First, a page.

Breakfast skipping, obesity, overweight, food, nutrition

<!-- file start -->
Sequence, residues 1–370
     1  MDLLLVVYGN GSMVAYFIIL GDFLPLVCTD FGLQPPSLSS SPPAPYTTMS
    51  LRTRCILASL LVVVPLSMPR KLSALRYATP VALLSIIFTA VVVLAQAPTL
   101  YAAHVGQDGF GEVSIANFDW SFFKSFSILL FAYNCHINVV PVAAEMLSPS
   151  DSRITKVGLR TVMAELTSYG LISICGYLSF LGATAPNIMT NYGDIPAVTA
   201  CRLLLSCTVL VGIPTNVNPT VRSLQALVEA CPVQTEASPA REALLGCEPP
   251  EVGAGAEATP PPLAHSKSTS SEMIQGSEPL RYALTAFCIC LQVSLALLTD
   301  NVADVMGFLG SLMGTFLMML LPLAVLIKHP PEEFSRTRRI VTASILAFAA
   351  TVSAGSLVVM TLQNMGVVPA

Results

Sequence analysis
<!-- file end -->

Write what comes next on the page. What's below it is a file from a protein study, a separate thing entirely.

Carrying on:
The aim of this study was to evaluate the efficacy of a campaign promoting breakfast in primary school-children from the city of Parma, Italy, where 22 % of peer school-children had reported in 2005 to skip breakfast. Two groups of children were interviewed by a multiple choice questionnaire on their breakfast habits. Group 1 counted only the children who underwent the intensive campaign (n. 341), and Group 2 a number of matched peers who did not attend any breakfast-promoting program (n. 291). Children who did not eat breakfast were found to be more numerous in Group 2 (17.5 %) than in Group 1 (8.0 %; p=0.0001). In the Group 2 the percentage of overweight (18.4 %) was higher compared to Group 1 patients (11.7 %; p=0.022). No significant difference in obesity percentage (8.9 vs 5.0 %; p=0.071). Seventy five percent of children in Group I and the 25% of children in Group 2 (p=0.031) had one or two parents who had reported to skip routinely breakfast. Children with one or both parents used to skip breakfast had a greater odds ratio of 3.04 and 3 respectively of skipping breakfast compared to the children with parents who had regularly breakfast (p=0.0002). Compared to the children tested in 2005, children admitted to the Giocampus program showed: a significant decrease in breakfasting (22 vs 8 %; p=0.0001), a significant decrease in overweight (18.5 vs 11.7 %; p=0.003) but not in obesity (7.5 vs 5.0 %; p=0.138) status; a significant increase in consumption of cereals (p=0.0001) and fruit (p=0.0001). In conclusion, an intensive breakfast-centred strategy seems to be effective in breakfast promotion and in overweight risk decrease.